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Birdies and eagles are standard fare at St. Andrew’s Valley Golf Club.
That’s a different story.
Especially when they have fallen from their nest, located on the golf course, and left to fend off near-freezing night temperatures and potential predators.
The strong winds late Monday afternoon and night toppled a spruce tree and spilled a nest containing two baby owls on to exposed ground at the 18-hole Aurora course.
When St. Andrew’s Valley gardener Cliff Nuttall noticed the distressed owlets Tuesday morning, staff flew into action to create a new home.
“One of our staff saw the two babies on the ground and the nest destroyed,” said director of golf Rob Pearce, who, along with general manager Dave Nisbet and Nuttall, placed the remains of the original nest into a modified milk crate stuffed with towels and tightly wedged it about 30 feet up another tree.
“The babies were cold and shaking. We picked them up in towels and placed them back in the nest.”
The rescue operation was supervised by an adult owl, believed to be the mother.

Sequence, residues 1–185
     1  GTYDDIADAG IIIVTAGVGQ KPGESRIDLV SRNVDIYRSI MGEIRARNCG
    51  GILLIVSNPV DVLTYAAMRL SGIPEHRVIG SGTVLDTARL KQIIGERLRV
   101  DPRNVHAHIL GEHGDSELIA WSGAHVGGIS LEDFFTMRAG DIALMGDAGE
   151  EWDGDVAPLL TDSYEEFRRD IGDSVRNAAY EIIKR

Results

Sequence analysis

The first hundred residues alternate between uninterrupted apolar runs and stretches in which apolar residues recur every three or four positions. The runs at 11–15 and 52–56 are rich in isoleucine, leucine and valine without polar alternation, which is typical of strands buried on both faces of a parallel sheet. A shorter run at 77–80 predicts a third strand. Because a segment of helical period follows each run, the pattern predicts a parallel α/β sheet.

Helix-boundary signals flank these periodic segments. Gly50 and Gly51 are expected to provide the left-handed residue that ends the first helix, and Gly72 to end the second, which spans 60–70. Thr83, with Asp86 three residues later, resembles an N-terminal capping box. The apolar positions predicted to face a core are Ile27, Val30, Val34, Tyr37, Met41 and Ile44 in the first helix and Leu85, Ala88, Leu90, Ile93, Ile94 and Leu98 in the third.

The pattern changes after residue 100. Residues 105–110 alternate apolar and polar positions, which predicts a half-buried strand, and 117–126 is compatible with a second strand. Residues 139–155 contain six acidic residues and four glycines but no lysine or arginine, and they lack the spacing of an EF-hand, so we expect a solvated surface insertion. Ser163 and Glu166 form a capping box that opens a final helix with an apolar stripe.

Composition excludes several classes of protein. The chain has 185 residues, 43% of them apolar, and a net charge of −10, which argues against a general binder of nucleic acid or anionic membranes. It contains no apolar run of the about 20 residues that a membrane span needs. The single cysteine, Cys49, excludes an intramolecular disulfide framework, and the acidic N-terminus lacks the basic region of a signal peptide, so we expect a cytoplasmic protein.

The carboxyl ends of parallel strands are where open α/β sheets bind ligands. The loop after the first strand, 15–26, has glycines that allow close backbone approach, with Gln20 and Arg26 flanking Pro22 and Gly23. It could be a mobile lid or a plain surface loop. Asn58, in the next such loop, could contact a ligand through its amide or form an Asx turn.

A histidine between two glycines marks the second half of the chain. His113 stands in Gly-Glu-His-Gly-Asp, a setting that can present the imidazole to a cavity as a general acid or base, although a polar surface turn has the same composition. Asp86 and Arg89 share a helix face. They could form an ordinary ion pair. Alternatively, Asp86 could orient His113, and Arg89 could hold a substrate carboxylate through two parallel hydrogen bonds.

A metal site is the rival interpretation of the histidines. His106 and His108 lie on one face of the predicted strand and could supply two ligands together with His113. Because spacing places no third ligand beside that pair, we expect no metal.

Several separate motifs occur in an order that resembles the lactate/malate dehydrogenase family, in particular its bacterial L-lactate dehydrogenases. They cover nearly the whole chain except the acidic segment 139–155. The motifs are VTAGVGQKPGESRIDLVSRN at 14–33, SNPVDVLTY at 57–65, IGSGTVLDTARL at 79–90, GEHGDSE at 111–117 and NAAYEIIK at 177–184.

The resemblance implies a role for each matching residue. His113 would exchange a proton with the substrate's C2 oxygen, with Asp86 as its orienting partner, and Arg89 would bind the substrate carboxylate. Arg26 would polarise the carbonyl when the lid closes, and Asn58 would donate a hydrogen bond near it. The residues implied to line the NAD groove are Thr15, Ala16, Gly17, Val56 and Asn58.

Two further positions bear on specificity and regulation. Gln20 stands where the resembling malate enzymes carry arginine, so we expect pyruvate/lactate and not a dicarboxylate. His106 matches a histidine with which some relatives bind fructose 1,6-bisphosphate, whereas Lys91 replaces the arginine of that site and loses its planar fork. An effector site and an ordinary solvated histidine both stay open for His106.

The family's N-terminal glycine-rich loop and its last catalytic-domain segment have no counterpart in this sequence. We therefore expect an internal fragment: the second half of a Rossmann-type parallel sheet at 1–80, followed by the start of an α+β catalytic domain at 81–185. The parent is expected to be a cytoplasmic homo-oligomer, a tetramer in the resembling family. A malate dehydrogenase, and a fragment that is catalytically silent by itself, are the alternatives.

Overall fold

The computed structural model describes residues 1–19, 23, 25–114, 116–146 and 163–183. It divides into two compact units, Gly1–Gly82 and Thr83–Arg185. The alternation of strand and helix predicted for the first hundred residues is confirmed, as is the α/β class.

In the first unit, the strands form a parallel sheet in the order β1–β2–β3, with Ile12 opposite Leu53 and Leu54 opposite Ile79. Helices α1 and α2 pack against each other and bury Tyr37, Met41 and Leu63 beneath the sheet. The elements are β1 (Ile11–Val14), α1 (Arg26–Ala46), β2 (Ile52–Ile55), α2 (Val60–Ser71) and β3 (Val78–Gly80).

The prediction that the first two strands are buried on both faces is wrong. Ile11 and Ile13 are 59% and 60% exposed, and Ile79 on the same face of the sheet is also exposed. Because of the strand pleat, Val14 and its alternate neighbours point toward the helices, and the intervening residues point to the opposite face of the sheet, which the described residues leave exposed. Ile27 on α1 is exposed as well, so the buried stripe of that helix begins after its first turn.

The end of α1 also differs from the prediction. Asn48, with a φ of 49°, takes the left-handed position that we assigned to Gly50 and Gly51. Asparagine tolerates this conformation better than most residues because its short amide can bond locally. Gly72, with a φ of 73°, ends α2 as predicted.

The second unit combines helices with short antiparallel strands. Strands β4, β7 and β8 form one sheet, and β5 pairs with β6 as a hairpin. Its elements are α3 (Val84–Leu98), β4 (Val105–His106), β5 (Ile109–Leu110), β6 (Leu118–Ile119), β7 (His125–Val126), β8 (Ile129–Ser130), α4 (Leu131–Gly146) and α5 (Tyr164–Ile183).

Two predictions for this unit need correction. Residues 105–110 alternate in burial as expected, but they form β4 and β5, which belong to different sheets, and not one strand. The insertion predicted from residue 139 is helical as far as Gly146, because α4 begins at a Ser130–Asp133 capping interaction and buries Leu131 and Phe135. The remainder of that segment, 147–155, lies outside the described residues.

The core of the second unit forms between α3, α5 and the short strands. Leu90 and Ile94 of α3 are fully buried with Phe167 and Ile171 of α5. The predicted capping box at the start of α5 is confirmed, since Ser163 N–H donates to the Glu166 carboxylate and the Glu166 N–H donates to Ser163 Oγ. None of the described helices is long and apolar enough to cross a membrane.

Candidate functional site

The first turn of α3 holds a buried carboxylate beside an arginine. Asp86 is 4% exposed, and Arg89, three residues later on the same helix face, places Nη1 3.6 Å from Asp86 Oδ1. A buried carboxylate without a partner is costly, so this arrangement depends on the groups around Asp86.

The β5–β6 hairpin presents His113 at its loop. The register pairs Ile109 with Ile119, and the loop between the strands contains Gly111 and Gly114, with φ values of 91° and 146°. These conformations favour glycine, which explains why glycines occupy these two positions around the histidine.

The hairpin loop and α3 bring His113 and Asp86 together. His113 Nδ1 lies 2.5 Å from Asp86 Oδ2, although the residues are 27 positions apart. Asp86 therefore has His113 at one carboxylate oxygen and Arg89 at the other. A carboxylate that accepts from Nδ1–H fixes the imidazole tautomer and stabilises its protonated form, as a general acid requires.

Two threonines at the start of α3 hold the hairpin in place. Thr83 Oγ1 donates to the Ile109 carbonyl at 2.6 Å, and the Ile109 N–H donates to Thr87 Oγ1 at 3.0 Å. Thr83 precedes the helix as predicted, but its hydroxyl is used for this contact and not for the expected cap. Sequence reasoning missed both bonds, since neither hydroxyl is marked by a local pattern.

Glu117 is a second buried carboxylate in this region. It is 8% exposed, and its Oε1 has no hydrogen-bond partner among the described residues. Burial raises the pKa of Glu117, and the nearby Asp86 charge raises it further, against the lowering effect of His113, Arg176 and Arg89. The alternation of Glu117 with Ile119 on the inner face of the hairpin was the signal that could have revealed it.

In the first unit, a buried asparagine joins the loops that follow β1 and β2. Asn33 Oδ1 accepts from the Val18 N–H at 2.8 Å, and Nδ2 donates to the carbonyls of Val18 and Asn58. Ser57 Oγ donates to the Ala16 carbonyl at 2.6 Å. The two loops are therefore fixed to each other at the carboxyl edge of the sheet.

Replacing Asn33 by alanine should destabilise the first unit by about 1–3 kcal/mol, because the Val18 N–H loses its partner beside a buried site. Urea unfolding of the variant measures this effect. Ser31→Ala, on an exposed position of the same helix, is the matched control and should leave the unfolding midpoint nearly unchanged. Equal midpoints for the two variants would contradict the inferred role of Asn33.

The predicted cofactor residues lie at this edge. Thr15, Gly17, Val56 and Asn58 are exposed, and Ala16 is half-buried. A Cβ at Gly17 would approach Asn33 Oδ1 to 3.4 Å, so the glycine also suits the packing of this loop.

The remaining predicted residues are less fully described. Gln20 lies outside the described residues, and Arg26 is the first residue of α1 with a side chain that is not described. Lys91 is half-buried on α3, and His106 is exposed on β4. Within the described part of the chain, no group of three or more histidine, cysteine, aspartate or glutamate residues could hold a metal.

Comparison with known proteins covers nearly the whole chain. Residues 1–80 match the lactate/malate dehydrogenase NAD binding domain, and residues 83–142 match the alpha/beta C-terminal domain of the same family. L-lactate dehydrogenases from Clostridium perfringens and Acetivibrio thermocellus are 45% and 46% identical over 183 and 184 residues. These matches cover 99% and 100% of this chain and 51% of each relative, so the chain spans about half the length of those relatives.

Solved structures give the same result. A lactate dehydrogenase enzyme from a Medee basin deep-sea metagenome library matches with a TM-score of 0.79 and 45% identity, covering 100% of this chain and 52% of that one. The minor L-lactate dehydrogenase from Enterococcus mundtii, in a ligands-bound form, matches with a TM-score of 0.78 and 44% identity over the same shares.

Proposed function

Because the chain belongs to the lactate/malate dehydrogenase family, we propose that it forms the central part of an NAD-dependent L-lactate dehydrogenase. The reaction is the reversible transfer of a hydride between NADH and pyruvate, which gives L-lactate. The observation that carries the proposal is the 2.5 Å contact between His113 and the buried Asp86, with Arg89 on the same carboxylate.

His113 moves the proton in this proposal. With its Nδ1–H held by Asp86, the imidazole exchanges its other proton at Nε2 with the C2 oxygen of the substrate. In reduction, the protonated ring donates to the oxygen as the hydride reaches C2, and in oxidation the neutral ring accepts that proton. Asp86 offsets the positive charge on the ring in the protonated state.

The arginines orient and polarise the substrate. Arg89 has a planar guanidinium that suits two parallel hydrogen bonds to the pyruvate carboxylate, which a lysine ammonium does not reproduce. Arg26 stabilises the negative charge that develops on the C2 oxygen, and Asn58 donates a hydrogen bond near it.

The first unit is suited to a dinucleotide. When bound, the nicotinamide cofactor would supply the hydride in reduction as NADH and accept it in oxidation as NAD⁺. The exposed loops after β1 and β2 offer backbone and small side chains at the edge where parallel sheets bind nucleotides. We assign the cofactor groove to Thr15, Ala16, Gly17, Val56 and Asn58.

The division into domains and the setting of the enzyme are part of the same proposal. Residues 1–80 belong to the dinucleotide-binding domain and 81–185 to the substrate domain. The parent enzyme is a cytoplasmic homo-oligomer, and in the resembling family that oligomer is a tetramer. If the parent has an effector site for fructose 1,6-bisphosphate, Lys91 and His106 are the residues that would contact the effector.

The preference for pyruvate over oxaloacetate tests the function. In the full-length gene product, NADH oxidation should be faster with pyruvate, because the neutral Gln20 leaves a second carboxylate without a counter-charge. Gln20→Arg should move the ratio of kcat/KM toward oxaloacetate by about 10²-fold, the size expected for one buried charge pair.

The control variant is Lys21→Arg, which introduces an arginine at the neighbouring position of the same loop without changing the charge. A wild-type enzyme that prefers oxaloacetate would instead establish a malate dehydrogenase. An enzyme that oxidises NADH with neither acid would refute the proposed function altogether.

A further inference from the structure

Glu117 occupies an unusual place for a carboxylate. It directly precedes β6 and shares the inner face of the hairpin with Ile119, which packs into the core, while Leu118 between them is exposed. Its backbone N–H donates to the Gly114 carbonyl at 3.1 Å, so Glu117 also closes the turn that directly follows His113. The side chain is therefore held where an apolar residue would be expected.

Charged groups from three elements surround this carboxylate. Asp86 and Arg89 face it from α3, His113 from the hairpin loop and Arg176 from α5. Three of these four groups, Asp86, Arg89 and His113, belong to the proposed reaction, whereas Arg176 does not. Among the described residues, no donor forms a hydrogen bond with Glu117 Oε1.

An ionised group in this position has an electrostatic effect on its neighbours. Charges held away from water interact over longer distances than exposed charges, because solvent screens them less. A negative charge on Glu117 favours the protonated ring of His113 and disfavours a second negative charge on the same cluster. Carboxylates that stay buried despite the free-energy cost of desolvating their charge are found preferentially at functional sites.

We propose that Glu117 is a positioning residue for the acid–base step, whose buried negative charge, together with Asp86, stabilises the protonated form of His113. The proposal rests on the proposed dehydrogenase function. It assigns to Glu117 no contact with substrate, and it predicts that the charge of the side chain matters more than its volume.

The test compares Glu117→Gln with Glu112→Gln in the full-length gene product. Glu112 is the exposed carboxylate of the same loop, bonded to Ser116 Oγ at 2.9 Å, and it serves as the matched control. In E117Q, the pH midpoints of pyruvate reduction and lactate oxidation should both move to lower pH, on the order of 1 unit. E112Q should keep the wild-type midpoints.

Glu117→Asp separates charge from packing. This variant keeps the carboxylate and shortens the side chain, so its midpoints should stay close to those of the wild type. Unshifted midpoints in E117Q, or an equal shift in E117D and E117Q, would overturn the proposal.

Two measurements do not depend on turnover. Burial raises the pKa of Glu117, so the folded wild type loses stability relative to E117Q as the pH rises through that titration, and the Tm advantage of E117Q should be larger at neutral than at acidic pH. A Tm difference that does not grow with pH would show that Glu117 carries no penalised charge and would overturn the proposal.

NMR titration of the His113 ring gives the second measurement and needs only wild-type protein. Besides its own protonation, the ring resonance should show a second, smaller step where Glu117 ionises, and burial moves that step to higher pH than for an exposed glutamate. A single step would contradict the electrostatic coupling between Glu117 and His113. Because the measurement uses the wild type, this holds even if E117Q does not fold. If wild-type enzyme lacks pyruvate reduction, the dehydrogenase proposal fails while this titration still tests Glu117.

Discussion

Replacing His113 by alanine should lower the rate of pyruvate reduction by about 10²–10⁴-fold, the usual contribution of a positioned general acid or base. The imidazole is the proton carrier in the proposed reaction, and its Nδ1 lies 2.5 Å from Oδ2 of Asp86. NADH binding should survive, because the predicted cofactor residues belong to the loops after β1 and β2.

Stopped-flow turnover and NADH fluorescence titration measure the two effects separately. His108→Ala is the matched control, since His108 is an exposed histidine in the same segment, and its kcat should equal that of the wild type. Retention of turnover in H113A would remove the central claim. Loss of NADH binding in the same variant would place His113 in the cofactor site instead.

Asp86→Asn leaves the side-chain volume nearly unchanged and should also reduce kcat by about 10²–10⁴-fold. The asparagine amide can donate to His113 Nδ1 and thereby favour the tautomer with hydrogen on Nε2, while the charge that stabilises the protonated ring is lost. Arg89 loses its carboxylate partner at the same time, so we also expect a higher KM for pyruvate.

“I think she knew what we were doing,” Pearce said. “She was only 15 feet away. At one point, the mom dropped fish off. I think she knew we were trying to help. All is well in the owl condo today.”
Staff sought expert advice for handling the rescue.
“It’s actually quite common when you get winds that high,” Critter Control Wildlife Removal operator Terry Thorsell said. “And as soon as you get up over 10 feet, it’s a lot windier.”
It is common to see squirrels and other small animals blown from their trees, Thorsell said. Owls, not so much.
“That’s rare. There aren’t really that many owls out there,” he said.
Pearce is reluctant to identify the hole on which the nest is located, lest the owl family becomes a destination to which bird watchers flock.
“We see coyotes around once in a while, but it’s not every day you see big, beautiful owls around here, so it’s kind of neat to see them,” Pearce said. “It’s pretty rare around here, from what people are saying.”
Credits: By John Cudmore - YorkRegion.com